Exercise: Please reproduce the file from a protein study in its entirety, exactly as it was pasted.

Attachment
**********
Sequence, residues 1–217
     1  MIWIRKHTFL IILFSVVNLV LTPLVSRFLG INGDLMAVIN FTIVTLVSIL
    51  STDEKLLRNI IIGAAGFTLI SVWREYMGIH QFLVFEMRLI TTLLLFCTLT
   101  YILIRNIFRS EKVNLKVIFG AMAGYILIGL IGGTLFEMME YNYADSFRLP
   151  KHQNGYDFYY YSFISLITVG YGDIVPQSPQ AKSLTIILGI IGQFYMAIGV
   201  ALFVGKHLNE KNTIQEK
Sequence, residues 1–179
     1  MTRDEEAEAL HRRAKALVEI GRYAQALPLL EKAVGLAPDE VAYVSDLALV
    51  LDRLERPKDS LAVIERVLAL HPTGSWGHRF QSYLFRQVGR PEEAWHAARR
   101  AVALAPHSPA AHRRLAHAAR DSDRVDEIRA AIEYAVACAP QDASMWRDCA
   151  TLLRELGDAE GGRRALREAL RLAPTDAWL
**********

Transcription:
Sequence, residues 1–217
     1  MIWIRKHTFL IILFSVVNLV LTPLVSRFLG INGDLMAVIN FTIVTLVSIL
    51  STDEKLLRNI IIGAAGFTLI SVWREYMGIH QFLVFEMRLI TTLLLFCTLT
   101  YILIRNIFRS EKVNLKVIFG AMAGYILIGL IGGTLFEMME YNYADSFRLP
   151  KHQNGYDFYY YSFISLITVG YGDIVPQSPQ AKSLTIILGI IGQFYMAIGV
   201  ALFVGKHLNE KNTIQEK
Sequence, residues 1–179
     1  MTRDEEAEAL HRRAKALVEI GRYAQALPLL EKAVGLAPDE VAYVSDLALV
    51  LDRLERPKDS LAVIERVLAL HPTGSWGHRF QSYLFRQVGR PEEAWHAARR
   101  AVALAPHSPA AHRRLAHAAR DSDRVDEIRA AIEYAVACAP QDASMWRDCA
   151  TLLRELGDAE GGRRALREAL RLAPTDAWL